The fallout of bad credit can extend beyond your finances. From keeping the lights on to making a phone call — it may complicate a lot of things in life.
As a general rule, subprime credit may make it harder to qualify for loans or lines of credit, and there’s a chance that you’ll end up paying higher rates for these products when you do.
But the impact isn’t limited to your finances alone. A bad credit score can affect a number of different aspects of your life, making certain things a little more challenging. To find out the far-reaching consequences of bad credit, keep scrolling. Here are five ways a low score may impact your life.
But First, What is a Bad Credit Score?
Generally, your score falls somewhere on a scale of 300–850. If it’s 670 or above, it’ll typically be considered a prime credit score. This means you may find it easier to qualify for loans with lower rates.
Anything from 580 to 669 is generally considered subprime. With a subprime number, your search for financing may be more complicated, but it’s not impossible. You may qualify for a personal line of credit for people with bad credit by searching carefully.
This is an important lesson to remember once you see how bad credit affects your life beyond loan applications. Although a bad credit score may be a barrier to getting what you want, it doesn’t mean you can’t get what you need.
5 Ways That Your Credit Score Can Impact Your Life
1. Utility Bills
Question: What’s one of the first things you do when you move to a new apartment or house?
Answer: You make sure your new home has utilities. Water, electricity, and gas are just some of the basic services you need to set up, and in many cases, you do this by applying for the utilities you need.
Utility providers may look at your credit report for the same reasons a financial institution may check your file. It helps them perform a risk assessment of you as a customer. They may look at your previous credit behavior — particularly your past utility payment history — to help determine your ability to successfully pay your bills.
A bad credit score may potentially mark you as a liability to your provider, as it may suggest that you don’t always pay your bills on time.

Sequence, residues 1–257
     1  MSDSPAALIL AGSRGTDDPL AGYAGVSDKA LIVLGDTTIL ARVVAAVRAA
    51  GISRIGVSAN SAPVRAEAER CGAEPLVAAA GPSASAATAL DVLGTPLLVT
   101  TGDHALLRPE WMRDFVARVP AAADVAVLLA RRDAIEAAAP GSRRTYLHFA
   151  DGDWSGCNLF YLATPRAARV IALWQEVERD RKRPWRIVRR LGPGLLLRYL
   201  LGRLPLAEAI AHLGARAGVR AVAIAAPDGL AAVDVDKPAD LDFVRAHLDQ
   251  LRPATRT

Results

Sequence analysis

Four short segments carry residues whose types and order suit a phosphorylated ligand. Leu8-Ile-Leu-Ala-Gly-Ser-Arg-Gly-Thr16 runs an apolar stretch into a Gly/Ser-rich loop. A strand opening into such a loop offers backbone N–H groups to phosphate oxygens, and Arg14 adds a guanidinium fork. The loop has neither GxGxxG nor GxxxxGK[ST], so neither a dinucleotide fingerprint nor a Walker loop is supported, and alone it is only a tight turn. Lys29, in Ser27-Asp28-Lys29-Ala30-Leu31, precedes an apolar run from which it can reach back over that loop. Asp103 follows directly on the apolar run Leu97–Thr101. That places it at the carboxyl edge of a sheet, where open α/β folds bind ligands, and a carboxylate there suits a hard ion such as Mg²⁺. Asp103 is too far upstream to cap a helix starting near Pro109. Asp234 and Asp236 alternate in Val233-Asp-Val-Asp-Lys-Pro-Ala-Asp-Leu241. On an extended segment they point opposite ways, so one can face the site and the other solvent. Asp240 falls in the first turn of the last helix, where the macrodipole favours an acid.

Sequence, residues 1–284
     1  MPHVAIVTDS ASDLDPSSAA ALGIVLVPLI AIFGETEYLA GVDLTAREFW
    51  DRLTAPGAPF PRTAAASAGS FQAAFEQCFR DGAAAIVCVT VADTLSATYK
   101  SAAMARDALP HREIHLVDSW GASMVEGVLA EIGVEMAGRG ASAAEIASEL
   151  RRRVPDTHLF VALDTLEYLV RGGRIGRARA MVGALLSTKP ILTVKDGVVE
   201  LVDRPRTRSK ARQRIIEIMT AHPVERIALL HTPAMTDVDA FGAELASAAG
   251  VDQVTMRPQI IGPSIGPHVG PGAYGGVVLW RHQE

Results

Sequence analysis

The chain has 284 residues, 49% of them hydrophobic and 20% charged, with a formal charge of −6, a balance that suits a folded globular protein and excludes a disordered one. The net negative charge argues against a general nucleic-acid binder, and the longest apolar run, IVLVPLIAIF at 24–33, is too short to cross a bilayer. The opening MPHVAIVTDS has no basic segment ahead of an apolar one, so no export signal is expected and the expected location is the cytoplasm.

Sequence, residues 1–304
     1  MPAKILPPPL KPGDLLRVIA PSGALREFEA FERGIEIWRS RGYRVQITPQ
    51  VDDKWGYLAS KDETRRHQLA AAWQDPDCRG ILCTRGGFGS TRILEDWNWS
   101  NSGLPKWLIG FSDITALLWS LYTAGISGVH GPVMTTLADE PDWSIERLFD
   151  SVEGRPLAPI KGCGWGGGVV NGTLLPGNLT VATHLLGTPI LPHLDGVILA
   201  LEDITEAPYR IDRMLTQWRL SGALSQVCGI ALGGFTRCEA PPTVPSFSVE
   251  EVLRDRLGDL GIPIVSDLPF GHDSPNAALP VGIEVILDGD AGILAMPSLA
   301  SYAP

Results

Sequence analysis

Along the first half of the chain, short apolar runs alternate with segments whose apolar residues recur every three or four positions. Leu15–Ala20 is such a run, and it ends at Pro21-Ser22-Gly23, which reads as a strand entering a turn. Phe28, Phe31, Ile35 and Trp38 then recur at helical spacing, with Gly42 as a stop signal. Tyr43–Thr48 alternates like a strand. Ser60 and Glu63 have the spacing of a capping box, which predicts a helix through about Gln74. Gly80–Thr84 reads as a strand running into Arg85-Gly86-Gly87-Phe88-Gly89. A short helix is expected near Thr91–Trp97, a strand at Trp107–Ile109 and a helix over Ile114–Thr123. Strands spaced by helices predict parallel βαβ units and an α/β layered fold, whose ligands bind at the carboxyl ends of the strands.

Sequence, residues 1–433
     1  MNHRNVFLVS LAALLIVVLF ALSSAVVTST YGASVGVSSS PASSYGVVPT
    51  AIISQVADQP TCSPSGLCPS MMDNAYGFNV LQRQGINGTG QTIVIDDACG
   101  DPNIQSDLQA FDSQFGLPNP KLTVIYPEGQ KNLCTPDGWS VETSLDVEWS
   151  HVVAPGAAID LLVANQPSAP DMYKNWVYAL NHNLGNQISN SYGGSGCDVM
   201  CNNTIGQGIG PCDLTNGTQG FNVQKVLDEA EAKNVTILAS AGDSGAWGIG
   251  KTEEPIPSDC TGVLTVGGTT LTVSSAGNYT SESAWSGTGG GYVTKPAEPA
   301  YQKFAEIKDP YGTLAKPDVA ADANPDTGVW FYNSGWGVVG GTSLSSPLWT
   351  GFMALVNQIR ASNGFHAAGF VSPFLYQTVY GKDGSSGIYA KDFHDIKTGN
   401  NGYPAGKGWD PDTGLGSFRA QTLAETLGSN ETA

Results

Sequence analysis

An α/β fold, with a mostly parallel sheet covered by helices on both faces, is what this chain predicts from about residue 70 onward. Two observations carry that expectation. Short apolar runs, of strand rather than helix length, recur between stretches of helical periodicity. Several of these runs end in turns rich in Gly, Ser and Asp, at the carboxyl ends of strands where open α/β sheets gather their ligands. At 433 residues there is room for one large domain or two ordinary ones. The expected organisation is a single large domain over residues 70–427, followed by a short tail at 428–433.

Usually, when a financial institution makes a similar judgement call about your creditworthiness, they may increase the interest rates on your loan. They may also require you to secure your loan with a collateral or guarantee it with a co-signer.
Of course, it depends on the type of loan and the financial institution. Some online loans may have different eligibility requirements. Do some research about the benefits and drawbacks of online credit products and be sure to read up on the individual terms and conditions of any loan you’re considering. Take the time to learn about the rates to see if they’re the right fit for your finances.
Getting Utilities with Bad Credit
Rocky finances that have impacted your credit score may complicate setting up your utilities, but there still may be some options. And they’re similar to the options you may have when borrowing money.
You may be able to offset bad credit by putting down a deposit, much like you would with a secured credit card.
If money is tight, it might be hard to gather up enough cash for a deposit. It may be an option to find someone willing to guarantee your bill payments. If they have good credit, your guarantor can go a long way to improving your chances of being approved. This individual may have their credit checked alongside yours. One thing to note is that you should only ask someone to act as a guarantor if you are sure that you will always be making each of your bill payments on time. It wouldn’t be fair to leave someone else responsible for your payments.
2. Employment Opportunities
If you’re on the hunt for a new job, you may have a lot of work ahead of you as you fill out applications and prepare for interviews. But don’t let your resume get all your attention. The next time you interview for a job, your prospective employer may check your credit as thoroughly as your CV.
The credit report affords them a condensed view of your borrowing history. It won’t tell them your exact credit score, but it will shed light on the payment history and debt load of each account.
Employers who use these checks look at this information to determine if you’re right for the position, particularly for jobs that involve handling money or confidential material. They want to see you keep your debt levels low and pay your bills on time.
The alternative — a report that shows you’re behind on your bills — may be a red flag. It might suggest to some employers you can’t be trusted with large amounts of cash.
This puts people with low credit scores in a challenging position. The longer it takes them to find a job, the more pressure is put on their finances, which may cause their score to drop even lower. And the lower their score is, the harder it may be for them to get a job.
This is a hard cycle to break. Unfortunately, it’s still within an employer’s right to perform these checks, so your credit may still be used to push you out of the running — even if you’re more than qualified for the job.
How to Be Prepared
Being prepared is one of the best ways to impress a hiring manager in an interview. This is true whether or not they perform an employer credit check. You’ll want to be able to answer their questions with confidence. So in addition to rehearsing your elevator pitch, you’ll want to be able to explain why your report is the way it is, if you’re asked.
Having references from previous creditors that prove you’re on track to paying them back may also help boost your candidacy.
Depending on where you call home, finding an affordable apartment can be a relatively simple experience. But there are some cities where the rental market is a cutthroat race to the last available apartment.